Health Insurance and Medicare

1160 words 5 pages
Medicare

Medicare was established in 1965 to guarantee elderly Americans access to quality health care regardless of their financial circumstances. Medicare spends more than $200 billion a year and it will increase, partly because greater numbers of Americans will become eligible for coverage when the baby boomers begin to turn sixty-five after 2010. According to the article The Political Economy of Medicare by Bruce C. Vladeck, to understand the political economy of Medicare it is necessary to view it from three perspectives. The first one is Medicare as redistributive politics, second is Medicare as special-interest politics, and third is Medicare as distributive politics. In the next few paragraphs I will focus on economic analysis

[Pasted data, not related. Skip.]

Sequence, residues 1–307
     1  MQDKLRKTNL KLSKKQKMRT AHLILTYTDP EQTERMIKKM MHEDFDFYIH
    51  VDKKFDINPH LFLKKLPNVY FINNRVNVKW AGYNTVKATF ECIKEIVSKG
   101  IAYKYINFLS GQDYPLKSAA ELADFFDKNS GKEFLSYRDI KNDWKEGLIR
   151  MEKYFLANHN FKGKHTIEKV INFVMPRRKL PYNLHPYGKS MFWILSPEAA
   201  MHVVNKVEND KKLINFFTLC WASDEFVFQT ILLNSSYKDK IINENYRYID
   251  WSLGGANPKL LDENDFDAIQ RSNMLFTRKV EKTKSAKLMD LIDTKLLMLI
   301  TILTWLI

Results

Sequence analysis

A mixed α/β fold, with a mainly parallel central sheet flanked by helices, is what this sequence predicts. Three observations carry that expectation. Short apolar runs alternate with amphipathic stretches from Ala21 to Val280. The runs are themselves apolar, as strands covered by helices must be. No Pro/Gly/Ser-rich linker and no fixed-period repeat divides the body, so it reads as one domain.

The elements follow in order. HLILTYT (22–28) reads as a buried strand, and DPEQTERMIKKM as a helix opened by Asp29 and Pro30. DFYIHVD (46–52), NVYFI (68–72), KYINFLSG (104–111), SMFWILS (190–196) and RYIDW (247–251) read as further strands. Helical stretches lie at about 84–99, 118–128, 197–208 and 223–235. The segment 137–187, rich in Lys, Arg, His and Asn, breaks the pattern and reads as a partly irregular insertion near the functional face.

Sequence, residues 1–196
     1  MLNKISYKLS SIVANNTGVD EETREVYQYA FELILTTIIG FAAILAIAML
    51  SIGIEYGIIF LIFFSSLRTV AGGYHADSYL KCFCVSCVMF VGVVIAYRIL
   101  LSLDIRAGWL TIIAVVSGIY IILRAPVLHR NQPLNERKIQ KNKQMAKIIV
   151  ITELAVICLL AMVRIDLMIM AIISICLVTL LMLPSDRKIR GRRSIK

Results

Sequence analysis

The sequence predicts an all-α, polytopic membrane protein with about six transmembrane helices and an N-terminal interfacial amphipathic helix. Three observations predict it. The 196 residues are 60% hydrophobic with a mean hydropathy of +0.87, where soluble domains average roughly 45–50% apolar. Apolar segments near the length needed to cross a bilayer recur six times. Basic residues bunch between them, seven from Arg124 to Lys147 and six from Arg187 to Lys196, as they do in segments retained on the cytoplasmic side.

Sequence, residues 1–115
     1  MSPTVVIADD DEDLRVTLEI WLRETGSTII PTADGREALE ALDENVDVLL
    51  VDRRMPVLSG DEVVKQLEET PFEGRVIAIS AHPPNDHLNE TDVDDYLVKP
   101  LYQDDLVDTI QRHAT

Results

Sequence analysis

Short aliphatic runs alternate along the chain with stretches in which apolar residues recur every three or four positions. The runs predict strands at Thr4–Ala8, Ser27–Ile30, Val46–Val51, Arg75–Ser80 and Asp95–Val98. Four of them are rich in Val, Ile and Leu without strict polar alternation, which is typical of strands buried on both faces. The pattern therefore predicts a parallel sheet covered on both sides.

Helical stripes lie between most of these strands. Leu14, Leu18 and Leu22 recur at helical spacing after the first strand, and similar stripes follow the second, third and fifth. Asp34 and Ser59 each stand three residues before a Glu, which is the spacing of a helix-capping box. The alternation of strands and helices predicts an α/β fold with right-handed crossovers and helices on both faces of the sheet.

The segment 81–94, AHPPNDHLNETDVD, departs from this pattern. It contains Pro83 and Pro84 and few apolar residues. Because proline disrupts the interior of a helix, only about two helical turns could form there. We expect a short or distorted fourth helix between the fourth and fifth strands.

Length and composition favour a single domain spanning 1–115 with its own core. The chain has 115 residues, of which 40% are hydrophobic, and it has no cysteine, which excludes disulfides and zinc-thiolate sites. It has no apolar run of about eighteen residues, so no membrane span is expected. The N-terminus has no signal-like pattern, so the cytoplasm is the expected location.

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By Medicare contractors Vladeck refers to private insurance companies that perform the basic administrative tasks of the Medicare fee-for-service program. A system financed primarily through retrospective fee-for-service insurance reimbursement is open-ended. Providers are able to pass through all their costs, no matter how inefficient the production of services. There is no incentive for providers to search for more efficient methods of production, and patients have no incentive to for providers who offer lower prices. Vladeck claims that Medicare contractors, together with hospitals, doctors, and HMOs have a major stake in Medicare policy, and ultimately behave as expected in political system. In the discussion about the Medicare as distributive politics, Vladeck emphasizes the fact that the “geographic distribution of Medicare dollars has become a matter of increasing attention.” The biggest example of Medicare’s allocation of its dollars comes in treatment of payment rates for capitated plans in the Balance Budget Act, of 1997 (BBA). Capitation itself is a payment method providing a fixed, per capita payment to providers for a specified medical benefits package. Providers are required to treat a well-defined population for a fixed sum of money paid in advance without regard to the number or nature of service provided to each person. Vladeck claims that there is no

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